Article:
Read and reread your favorite poem. Take the premise and run with it as a short story. Or vice versa. I assure you, this prompt will take you places wholly unexpected.

xo Jen

Sunday, April 5, 2015

A long weekend

I took a long weekend to relax a bit, to write and recharge. I feel fortified. Sometimes it feels as though I need to schedule time to breathe, then when I do have time I forget how to relax. I know I'm not the only writer who feels like this. For those of us, here's a prompt I offer as a writing coach:

1. Set a timer for five minutes and free-write.
2. Set a time for ten minutes and breathe. (Breathe and walk, breathe and meditate, or just stare out the window and breathe.)
3. Set a timer for ten minutes and write as fast s you possibly can. When you're done, hit save and go about your day.

This no-prompt exercise is something of a writing meditation, and it's designed to clear the slate and take a writer completely out of the day-to-day.

In writing news: I have a brand new piece up at The Saturday Evening Post. News on After the Gazebo is forthcoming. Big news. Huge. :)


Where to breathe in a pickup measure

Enjoy your week, and remember to breathe!

xo Jen      

Sunday, March 15, 2015

New Rattle story

New Work! I have a new piece up at Per Contra. It's synergistic to be writing a Rattle story the day another one is published. I hope you enjoy it!  "Scratching the Silver" is a prequel to "West on N Road" (published in Superstition Review). It is about the time Rattle tried to reach out to his daughter, a time she may or may not remember later. It's here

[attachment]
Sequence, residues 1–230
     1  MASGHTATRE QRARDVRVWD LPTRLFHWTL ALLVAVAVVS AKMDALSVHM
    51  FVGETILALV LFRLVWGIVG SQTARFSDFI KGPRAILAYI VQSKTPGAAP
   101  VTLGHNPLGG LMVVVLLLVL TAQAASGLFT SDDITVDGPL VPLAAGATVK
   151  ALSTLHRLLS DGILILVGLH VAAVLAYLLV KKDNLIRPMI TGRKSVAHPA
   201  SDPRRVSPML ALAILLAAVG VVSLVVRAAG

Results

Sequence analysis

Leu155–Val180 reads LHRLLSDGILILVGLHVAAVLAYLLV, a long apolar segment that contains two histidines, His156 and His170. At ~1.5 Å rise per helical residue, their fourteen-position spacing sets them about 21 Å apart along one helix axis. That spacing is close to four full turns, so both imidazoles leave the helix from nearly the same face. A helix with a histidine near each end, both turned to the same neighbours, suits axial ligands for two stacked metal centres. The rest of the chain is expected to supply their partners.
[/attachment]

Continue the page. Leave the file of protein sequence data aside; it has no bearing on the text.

Friday, March 13, 2015

Despite the unexpected

The San Antonio Lit Fest happened. What a whirlwind! I can honestly say that not one the lovely readers in the image below didn't impress and inspire me. We came, we read, we connected. It was beautiful. 

That said, it is not easy to put together a reading for 13 people. I had been so nervous about organizing everything that I didn't really prepare fully my own reading, and I didn't sleep. I double-checked everything, bought a Thank You card for the library manager who had reserved the space. For all the double-checking, however, and all the assurances that everything was in place, we showed up to find the library manager gone and those remaining unaware of our event. The lights were off in the area due to energy savings for Spring Break, and two of the readers were lost. Timing was tight, and we ran out of time for the last few readers.